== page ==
Honey, a gift from nature for your skin care
The use of honey as both a food and natural topical remedy is not new. Archaeological evidence suggests that honey has been used for nutritional, medicinal and cosmetic purposes since the very earliest of human civilizations. Mesolithic rock paintings from over 8,000 years ago are believed to depict the collection of honey and honeycomb from wild bees nests. Ancient Egyptians used it in baking, for therapeutic baths, to promote wound healing and for ceremonial offerings. The ancient Vedic texts of India dating back 4,000 years, also include references to this naturally healing substance. This sweet food, organically created by bees from the nectar of flowers, has clearly long been regarded as one of nature’s most special gifts.
The historical uses of honey maintain relevance in our modern world as well. Many global cuisines still use golden drizzles of raw honey to sweeten dishes. Cough and cold remedies meant to soothe troublesome sniffles and sore throats often contain traces of the stuff, while cosmetic companies still advertise the use of “all-natural wrinkle fighting honey” in their products. Yet recently, research on the clinical advantages of using topical pure raw honey on the skin have launched this traditional remedy beyond such anecdotal niceties and into a new realm of scientific significance.
Comprehensive studies on the chemical and pharmacological effects of raw honey on the skin have grown in numbers in the past years, making appearances in esteemed medical journals where such “alternative” jargon was previously shunned. Dermatological applications for honey including wound healing, burn treatment and scar removal, have proven clinically viable across patient trials, paralleling the success of sophisticated manufactured pharmaceuticals. Some hospitals and practitioners are now even prescribing specifically prepared varieties of honey as treatment for wounds, skin irritations and acne. The research has been groundbreaking and perspective-shifting for allopathic medicine to say the least.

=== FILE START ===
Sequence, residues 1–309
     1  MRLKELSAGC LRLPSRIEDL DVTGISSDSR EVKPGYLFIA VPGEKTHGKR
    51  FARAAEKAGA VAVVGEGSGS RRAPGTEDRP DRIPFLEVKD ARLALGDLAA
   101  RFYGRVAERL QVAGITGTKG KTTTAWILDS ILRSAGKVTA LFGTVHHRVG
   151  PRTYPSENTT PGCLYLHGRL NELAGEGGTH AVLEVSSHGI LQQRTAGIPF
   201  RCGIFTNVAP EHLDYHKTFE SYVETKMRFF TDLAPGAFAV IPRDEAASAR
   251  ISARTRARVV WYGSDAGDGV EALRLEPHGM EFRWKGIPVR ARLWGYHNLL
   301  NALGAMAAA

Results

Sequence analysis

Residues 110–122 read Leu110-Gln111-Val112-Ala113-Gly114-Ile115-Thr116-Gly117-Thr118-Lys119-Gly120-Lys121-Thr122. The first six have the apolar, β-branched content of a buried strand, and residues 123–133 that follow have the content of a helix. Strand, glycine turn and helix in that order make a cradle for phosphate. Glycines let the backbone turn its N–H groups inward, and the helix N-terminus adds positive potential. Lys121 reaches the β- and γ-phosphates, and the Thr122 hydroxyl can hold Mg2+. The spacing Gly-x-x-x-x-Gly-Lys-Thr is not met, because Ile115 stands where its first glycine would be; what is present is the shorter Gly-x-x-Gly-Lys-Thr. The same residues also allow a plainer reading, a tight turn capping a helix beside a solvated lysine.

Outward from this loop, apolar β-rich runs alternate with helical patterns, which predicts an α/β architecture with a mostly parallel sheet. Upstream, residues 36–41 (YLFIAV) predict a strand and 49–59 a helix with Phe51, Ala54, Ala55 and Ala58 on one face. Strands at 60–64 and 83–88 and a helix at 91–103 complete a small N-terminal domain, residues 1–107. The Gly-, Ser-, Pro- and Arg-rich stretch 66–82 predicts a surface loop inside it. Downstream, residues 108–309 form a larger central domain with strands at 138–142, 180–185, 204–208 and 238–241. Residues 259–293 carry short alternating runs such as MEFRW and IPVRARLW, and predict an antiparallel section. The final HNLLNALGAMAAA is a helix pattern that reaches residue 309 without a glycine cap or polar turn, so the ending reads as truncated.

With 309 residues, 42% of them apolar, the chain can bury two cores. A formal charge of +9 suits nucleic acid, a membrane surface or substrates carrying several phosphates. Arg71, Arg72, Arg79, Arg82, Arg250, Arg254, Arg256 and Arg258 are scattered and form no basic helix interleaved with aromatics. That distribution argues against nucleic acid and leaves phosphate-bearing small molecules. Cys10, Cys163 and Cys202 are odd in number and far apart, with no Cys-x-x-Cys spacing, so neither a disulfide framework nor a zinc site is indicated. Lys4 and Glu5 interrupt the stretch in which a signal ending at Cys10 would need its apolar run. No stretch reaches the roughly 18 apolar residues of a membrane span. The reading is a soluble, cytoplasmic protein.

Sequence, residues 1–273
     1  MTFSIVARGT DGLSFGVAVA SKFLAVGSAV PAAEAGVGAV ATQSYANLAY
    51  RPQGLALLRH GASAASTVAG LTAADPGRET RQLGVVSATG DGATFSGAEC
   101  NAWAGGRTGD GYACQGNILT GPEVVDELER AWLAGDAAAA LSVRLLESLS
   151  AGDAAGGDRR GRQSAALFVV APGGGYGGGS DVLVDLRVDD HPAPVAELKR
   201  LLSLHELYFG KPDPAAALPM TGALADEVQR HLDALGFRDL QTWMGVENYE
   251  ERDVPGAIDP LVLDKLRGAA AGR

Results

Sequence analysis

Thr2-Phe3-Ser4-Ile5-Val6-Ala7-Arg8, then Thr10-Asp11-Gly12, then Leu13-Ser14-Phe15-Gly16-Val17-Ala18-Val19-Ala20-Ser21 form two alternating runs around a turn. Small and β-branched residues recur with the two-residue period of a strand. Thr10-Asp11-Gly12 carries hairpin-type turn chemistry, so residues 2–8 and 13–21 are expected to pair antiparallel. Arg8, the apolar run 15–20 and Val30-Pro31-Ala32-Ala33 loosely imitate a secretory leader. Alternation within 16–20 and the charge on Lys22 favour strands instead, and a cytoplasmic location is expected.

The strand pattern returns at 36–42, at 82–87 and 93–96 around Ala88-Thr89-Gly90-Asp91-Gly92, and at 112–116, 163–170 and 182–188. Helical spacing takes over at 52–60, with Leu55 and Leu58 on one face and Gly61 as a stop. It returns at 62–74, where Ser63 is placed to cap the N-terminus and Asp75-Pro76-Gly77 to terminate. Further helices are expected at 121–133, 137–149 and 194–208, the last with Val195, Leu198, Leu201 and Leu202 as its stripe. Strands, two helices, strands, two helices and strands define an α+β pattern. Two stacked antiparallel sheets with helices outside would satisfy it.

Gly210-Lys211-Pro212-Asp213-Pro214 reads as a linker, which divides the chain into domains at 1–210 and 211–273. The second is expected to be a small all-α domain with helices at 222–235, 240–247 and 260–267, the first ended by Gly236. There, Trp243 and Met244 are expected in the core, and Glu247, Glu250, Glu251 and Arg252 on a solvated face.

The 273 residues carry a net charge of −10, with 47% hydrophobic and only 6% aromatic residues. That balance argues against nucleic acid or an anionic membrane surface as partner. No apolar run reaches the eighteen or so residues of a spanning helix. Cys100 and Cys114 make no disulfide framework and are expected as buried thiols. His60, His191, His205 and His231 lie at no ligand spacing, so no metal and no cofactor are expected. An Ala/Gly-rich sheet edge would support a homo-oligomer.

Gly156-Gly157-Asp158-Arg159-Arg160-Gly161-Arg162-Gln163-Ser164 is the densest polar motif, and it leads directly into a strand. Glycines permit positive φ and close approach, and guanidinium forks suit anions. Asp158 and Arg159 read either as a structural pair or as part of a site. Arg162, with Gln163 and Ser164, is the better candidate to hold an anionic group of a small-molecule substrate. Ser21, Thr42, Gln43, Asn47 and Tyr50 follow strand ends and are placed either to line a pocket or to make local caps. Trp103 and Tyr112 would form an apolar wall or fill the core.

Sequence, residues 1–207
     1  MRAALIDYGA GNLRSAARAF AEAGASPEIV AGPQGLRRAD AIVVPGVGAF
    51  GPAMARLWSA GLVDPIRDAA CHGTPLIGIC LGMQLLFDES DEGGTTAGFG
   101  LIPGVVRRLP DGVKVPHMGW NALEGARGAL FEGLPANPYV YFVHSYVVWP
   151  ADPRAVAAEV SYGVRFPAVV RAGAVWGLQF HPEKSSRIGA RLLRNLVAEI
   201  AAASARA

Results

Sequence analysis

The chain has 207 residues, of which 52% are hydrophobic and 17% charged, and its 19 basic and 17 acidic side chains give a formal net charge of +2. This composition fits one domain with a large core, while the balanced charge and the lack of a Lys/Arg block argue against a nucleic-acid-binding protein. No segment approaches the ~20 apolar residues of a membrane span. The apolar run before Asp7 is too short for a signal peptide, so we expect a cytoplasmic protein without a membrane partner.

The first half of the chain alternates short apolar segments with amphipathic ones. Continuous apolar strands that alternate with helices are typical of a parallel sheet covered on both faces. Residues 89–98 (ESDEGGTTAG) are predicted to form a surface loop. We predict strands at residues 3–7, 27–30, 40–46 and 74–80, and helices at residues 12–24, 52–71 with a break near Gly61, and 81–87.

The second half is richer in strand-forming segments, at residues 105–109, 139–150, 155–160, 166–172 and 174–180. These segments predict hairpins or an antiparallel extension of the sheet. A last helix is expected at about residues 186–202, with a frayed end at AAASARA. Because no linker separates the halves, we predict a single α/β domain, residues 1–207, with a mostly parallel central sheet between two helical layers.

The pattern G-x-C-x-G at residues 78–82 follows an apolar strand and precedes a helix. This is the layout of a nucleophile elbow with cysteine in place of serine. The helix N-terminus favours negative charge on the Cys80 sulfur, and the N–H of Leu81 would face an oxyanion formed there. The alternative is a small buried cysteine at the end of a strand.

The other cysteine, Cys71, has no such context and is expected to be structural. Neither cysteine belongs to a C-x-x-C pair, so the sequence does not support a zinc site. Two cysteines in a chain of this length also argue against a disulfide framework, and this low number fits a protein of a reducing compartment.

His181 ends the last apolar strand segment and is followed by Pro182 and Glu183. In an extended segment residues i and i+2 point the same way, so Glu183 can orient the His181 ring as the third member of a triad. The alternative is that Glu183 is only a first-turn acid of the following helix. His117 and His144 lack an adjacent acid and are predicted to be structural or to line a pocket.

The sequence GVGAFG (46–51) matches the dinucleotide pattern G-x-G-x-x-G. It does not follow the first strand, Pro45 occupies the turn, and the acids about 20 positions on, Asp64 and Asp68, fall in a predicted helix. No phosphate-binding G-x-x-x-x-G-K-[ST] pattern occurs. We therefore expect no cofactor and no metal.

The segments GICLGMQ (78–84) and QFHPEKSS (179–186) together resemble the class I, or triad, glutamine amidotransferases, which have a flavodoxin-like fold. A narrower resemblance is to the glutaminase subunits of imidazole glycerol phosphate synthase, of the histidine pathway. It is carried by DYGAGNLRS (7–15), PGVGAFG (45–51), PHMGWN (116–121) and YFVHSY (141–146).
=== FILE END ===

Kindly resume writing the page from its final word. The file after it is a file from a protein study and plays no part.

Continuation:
Theories to describe the success of honey in the treatment of the skin include such complex mechanisms as cytokine induction, matrix metaproteinase expression and epithelial-mesenchymal transition (1). In other words, honey has significant antimicrobial, anti-inflammatory and antioxidant capabilities that make it very useful as a conditioning agent for the skin. Fortunately, the concentrated clinical benefits of honey are also gentle enough to be harnessed for everyday use. All-in-all, it appears that familiar and conventional raw honey is actually a far more complex and valuable substance than often thought. This rediscovery of honey throughout modern dermatology, gives the concept of “back to the basics” an entirely new meaning.
Top 5 Ways that Honey Benefits the Skin
While the precise mechanisms of honey’s curative effects on the skin are still being researched, the following useful properties are very apparent and well understood:
- Powerful Antimicrobial- the enzymatic release of hydrogen peroxide (H202) and presence of active compounds such as methlyglycol in honey, give off bacteria-fighting capabilities. By putting a stop to the activity of irritating pathogens, raw honey helps to both quell existing inflammation and prevent future infections.
- Organic Moisturizer- the sugars in honey act as natural humectants and emollients, that increase the water content and reduce dryness in the skin even after they have been washed off.
- Regulates Skin pH- the slight acidity of honey creates a healthy environment on the skin that promotes tissue healing and regeneration.
- Nutrient Density- although composed primary of fructose and glucose, honey also contains proteins, amino acids, vitamins, enzymes, minerals, probiotics and other components that it delivers to skin cells.
- High Antioxidant Activity- powerful botanical compounds neutralize blemish- and wrinkle-causing free radicals on the skin surface and within deep tissues, before they cause damage.
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